Jan Józef Ignacy Łukasiewicz (8 March 1822 – 7 January 1882) was a Polish pharmacist, engineer, businessman, inventor, and one of the most prominent philanthropists in the Kingdom of Galicia and Lodomeria, crown land of Austria-Hungary. He was a pioneer who in 1856 built the world's first modern oil refinery. His achievements included the discovery of how to distill kerosene from seep oil, the invention of the modern kerosene lamp (1853), the introduction of the first modern street lamp in Europe (1853), and the construction of the world's first modern oil well (1854).

Polish stamps issued in 1982 to commemorate the 100th death anniversary of Ignacy Łukasiewicz

Poland 1982 Death Ignacy lukasiewicz


1844 – King Oscar I ascends to the thrones of Sweden and Norway.

Oscar I (4 July 1799 – 8 July 1859) was King of Sweden and Norway from 8 March 1844 until his death. He was the second monarch of the House of Bernadotte.

The only child of King Charles XIV & III John, Oscar inherited the thrones upon the death of his father. Throughout his reign he would pursue a liberal course in politics in contrast to Charles XIV, instituting reforms and improving ties between Sweden and Norway. In an address to him in 1857, the Riksdag declared that he had promoted the material prosperity of the kingdom more than any of his predecessors.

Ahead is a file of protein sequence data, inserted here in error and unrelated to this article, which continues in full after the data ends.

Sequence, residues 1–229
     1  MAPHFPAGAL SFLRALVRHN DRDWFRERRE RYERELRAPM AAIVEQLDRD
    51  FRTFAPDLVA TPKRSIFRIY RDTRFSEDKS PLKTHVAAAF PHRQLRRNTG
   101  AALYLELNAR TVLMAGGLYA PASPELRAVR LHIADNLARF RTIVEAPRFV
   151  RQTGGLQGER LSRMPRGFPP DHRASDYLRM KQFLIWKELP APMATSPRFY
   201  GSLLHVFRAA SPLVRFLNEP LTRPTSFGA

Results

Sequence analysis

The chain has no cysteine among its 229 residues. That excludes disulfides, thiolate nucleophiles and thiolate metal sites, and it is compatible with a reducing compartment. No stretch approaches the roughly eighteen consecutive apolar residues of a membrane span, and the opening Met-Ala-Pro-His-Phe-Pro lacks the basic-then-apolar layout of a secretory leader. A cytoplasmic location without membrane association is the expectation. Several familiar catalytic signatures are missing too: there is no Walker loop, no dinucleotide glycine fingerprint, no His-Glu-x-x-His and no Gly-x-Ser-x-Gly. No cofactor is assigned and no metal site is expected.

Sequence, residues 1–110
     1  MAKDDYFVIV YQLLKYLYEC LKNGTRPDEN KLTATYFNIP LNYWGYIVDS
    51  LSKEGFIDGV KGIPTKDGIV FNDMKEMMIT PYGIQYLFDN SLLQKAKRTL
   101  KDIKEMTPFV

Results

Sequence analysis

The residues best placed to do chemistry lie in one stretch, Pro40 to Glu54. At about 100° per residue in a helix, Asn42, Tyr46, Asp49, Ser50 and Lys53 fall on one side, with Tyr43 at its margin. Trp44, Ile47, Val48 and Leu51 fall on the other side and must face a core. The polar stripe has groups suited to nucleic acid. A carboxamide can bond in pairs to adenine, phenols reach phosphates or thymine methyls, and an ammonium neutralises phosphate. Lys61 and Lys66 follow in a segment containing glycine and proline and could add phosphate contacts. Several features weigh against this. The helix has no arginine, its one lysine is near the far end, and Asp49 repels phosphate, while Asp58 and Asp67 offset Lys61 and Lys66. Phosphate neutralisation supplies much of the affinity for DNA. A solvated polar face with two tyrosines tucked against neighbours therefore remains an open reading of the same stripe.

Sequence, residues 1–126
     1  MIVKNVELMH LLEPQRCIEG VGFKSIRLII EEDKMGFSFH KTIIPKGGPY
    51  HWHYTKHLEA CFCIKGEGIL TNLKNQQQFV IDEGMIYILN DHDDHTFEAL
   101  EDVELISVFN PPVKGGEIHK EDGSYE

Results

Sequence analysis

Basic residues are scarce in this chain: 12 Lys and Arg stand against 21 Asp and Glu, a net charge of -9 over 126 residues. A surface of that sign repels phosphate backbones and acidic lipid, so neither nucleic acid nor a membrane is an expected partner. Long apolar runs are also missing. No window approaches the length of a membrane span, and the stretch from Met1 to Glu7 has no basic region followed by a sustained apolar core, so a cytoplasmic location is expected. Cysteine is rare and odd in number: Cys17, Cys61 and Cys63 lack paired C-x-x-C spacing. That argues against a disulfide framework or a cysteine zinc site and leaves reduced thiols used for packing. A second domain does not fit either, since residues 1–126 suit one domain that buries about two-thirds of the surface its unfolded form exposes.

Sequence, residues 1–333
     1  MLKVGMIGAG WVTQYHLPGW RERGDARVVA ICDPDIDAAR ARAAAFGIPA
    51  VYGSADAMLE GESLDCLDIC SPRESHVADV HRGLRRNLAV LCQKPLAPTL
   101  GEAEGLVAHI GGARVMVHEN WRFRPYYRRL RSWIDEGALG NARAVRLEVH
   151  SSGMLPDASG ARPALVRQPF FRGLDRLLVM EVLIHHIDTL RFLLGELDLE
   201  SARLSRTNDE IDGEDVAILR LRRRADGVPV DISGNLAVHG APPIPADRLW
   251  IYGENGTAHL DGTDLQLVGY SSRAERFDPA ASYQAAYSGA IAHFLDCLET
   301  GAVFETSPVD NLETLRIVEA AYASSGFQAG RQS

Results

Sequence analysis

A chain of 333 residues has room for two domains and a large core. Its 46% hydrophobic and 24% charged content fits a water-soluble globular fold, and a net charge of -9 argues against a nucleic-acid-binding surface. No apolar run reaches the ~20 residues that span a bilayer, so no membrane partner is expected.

Norwegian stamps depicting Oscar I

Oscar I Norway

Oscar I Norway




1917 Died: Ferdinand von Zeppelin, German general and businessman, founded the Zeppelin Company (b. 1838)

Ferdinand Adolf Heinrich August Graf von Zeppelin (8 July 1838 – 8 March 1917) was a German general and later inventor of the Zeppelin rigid airships; he founded the company Luftschiffbau Zeppelin.


LZ 127 Graf Zeppelin (Deutsches Luftschiff Zeppelin #127; Registration: D-LZ 127) was a German-built and -operated, passenger-carrying, hydrogen-filled, rigid airship which operated commercially from 1928 to 1937. It was named after the German pioneer of airships, Ferdinand von Zeppelin, who was a Graf or Count in the German nobility. During its operating life, the airship made 590 flights covering more than a million miles (1.6 million km). It was designed to be operated by a crew of 36 officers and men. More about that here: http://en.wikipedia.org/wiki/LZ_127_Graf_Zeppelin

Some stamps from the US and Germany depicting Zeppelins

USA Zeppelin stamp